Don’t get me wrong. I love being an indie author (most days). No one cares as much about my work as me, and I get to make sure everything is top notch. And honestly, I’m good at what I do, from writing books to cover design.
But that doesn’t mean I love everything. So here’s a list of five things I hate about being an indie author (not in order).
1. I hate being a business woman. I love writing stories and designing covers. I hate doing taxes, cataloging inventory, tracking expenses, upkeeping my novels, and answering emails. The list goes on and on. I’m a small business owner, and I have all the work that comes with it.
2. I dislike marketing. Though I’d say I have it pretty streamlined, it’s still a lot of time and money. Time I’d rather spend on writing new stories. Money I’d rather spend on a fun vacation.
3. I hate feeling like a second-class citizen in the publishing world. I get it, there are no gatekeepers to indie publishing. And much of it isn’t very good. But I am good. Many of us are. I get tired of being told I can’t teach the craft of writing at a writer’s conference, that I need to stick with stuff specific to indies. Or that I can’t be on the blog hop with the “traditionally” published authors because there were too many complaints (not by participants, but by the traditionally published authors themselves ((But don’t worry. We’ll give you indies your own “special” team)). Or being told that the difference between indie publishing and traditional publishing is quality.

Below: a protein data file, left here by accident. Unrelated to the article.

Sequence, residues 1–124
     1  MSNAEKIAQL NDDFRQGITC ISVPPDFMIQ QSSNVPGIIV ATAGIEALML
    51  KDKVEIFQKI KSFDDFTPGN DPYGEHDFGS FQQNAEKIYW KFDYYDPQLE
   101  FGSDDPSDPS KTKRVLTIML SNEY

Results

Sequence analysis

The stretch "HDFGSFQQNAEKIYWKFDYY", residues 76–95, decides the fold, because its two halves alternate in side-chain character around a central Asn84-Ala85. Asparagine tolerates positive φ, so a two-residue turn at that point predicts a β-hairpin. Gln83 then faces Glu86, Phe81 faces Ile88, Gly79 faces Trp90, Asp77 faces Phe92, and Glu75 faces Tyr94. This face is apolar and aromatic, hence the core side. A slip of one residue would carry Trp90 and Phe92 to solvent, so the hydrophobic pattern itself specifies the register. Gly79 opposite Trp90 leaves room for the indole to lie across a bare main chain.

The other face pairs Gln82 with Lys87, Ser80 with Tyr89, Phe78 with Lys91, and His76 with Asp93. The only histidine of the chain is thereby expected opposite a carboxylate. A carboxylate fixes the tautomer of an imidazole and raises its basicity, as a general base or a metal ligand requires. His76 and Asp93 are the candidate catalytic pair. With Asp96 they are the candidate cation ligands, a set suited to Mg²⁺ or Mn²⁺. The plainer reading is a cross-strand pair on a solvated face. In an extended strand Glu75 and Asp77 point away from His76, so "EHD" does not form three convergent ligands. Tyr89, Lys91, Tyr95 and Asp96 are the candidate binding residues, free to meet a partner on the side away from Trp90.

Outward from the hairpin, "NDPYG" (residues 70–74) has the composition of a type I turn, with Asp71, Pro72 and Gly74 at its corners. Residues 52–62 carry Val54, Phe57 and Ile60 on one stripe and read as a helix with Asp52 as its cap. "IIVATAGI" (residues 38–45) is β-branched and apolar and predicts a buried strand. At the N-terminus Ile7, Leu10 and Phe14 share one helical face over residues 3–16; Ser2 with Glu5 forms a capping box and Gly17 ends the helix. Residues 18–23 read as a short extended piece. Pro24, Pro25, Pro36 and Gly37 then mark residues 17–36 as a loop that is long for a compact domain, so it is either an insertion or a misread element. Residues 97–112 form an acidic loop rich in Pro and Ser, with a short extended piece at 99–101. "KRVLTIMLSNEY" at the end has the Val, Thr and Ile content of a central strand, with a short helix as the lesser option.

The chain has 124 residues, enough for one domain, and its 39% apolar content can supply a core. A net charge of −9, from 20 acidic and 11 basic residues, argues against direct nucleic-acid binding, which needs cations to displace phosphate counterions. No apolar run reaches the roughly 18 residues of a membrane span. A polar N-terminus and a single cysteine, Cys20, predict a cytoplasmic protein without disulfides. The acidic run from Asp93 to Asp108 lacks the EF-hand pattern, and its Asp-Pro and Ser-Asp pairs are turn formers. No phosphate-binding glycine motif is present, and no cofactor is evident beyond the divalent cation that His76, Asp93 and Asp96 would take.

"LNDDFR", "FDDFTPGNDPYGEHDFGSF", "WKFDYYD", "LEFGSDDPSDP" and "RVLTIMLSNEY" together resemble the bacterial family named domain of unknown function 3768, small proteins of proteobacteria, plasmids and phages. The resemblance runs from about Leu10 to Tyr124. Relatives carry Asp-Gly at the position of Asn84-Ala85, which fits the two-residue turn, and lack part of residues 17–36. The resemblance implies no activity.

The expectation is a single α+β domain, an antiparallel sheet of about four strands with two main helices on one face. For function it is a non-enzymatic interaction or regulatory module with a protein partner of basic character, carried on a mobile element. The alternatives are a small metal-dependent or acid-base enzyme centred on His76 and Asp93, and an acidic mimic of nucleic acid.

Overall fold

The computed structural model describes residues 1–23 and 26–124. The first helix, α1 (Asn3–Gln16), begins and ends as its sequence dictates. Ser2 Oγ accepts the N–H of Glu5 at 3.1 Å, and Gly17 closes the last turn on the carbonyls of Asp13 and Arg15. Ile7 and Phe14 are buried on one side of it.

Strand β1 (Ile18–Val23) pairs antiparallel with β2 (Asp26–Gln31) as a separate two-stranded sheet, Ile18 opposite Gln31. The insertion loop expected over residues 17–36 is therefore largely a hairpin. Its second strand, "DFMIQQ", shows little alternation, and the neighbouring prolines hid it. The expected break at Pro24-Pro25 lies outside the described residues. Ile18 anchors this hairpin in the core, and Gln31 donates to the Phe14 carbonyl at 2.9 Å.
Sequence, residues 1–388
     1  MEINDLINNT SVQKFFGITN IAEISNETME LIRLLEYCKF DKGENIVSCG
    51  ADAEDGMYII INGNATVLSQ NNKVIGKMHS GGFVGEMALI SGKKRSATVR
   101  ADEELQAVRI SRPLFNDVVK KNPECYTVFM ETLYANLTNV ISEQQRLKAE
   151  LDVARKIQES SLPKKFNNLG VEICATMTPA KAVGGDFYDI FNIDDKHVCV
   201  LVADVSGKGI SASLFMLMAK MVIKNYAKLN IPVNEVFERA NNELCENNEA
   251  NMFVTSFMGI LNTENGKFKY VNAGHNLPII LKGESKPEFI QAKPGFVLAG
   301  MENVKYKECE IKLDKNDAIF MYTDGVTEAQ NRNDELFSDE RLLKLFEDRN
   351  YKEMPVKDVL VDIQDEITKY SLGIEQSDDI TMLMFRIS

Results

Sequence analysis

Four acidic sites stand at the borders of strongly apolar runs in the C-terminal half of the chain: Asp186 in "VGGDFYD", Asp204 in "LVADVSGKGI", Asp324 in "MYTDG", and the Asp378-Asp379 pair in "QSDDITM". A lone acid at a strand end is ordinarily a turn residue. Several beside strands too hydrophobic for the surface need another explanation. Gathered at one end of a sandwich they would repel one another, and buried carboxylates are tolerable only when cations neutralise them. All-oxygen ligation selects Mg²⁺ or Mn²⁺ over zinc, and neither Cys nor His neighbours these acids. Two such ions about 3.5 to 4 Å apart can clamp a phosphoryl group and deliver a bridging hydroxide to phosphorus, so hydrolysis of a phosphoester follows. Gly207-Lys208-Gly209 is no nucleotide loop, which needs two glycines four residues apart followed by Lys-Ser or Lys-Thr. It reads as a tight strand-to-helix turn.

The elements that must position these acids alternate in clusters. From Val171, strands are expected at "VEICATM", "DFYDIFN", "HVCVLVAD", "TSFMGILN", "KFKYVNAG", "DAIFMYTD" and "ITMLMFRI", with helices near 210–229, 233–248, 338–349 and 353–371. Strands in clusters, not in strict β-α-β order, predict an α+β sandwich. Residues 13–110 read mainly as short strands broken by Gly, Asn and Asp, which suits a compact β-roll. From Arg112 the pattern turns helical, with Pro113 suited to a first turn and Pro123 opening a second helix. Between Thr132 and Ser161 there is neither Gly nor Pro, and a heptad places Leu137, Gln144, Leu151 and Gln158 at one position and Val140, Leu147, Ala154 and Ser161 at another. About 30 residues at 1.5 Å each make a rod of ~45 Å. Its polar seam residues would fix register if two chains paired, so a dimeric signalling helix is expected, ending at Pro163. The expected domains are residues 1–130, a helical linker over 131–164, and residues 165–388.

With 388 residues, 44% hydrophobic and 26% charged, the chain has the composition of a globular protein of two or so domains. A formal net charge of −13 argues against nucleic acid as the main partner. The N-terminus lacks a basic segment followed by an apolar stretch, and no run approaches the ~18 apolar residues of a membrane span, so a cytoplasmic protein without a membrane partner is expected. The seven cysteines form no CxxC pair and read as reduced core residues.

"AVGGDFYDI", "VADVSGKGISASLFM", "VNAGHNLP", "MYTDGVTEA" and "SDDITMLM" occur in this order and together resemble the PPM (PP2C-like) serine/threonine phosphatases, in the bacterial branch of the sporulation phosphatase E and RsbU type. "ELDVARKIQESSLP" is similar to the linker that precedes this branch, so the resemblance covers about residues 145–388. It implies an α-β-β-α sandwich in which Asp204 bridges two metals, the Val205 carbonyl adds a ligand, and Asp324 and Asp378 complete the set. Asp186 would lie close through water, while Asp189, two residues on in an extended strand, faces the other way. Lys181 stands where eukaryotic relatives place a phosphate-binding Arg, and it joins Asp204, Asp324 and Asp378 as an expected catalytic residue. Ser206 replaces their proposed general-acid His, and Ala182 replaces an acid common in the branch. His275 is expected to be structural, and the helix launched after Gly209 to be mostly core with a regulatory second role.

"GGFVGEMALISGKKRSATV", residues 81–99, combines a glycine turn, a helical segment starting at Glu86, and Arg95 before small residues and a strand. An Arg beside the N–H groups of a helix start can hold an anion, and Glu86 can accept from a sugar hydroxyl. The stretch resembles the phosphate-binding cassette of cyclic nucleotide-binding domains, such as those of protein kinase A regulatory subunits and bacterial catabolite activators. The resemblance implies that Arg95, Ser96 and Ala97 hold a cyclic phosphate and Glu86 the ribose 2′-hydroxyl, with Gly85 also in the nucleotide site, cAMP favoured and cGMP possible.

4. I hate NEVER being done. I have a huge to do list, and I usually only skim the top. I’m always behind, always feeling like I’m drowning in an attempt to keep up.
5. I hate never knowing what my paycheck will be. This has a huge upside, as there is no ceiling for me. But there’s no bottom either. When Amazon introduced Kindle Unlimited, my paycheck dropped by half. Which sucked, cause for a while there, I was making a lot of money.
I still wouldn’t change anything. I like being in charge. I love being able to put the best covers on my books and hire amazing content and copy editors, instead of being stuck with whatever the publisher thinks my book deserves. I love that I can make a living at this. That I can create my own schedule.
*technically, I’m a hybrid author, as my first book was traditionally published. But I consider myself an indie author.